Environmental conditions affect the stability of the novel coronavirus in human nasal mucus and sputum, according to a study which suggests there might be seasonal outbreaks of COVID-19 in the post-pandemic period if the weather favours the spread of the disease.
Researchers, including Jeremiah Matson from Marshall University in the US, noted that the novel coronavirus, SARS-CoV-2 is less stable at higher humidity and warmer temperatures.
In the study, published in the journal Emerging Infectious Diseases, SARS-CoV-2 was mixed with human nasal mucus and sputum specimens, which were then exposed to three different sets of temperature and humidity for up to seven days.
The scientists said samples were collected throughout the study and analysed for the presence of infectious virus as well as the viral genetic material RNA alone, which is not infectious.
They said viral RNA was consistently detectable throughout the seven-day study, while infectious virus was detectable for up to nearly 12-48 hours, depending on the environmental conditions.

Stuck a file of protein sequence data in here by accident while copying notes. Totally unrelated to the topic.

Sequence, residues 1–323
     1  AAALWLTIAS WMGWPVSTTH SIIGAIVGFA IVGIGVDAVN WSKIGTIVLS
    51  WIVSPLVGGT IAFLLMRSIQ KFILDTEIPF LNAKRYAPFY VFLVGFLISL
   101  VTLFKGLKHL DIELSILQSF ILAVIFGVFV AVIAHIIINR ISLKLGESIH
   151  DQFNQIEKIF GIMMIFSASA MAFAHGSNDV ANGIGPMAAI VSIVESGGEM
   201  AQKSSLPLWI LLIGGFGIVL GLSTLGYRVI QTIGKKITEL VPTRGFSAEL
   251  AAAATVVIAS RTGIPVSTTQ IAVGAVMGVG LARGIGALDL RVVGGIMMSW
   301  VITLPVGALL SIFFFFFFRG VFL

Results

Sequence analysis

“The virus is more stable at low-temperature and low-humidity conditions, whereas warmer temperature and higher humidity shortened half-life,” the scientists noted in the study.
Due to the reduced surface stability of SARS-CoV-2 in human nasal mucus and sputum in warmer and more humid conditions, the scientists believe there may be decreased virus transmission in these environmental scenarios.
“Climatic influence on SARS-CoV-2 transmission rates might eventually drive seasonal outbreak dynamics in a postpandemic period,” the researchers noted.
In another study, published this month in Emerging Infectious Diseases, a team of researchers including Matson evaluated the effectiveness of N95 respirator decontamination and reuse against SARS-CoV-2.
They found that vaporised hydrogen peroxide and ultraviolet light were the most effective in decontaminating the masks if proper fit and seal were maintained.
“The Covid-19 pandemic has been a sobering reminder that infectious diseases continue to be a major public health threat and require sustained research commitment,” Matson said.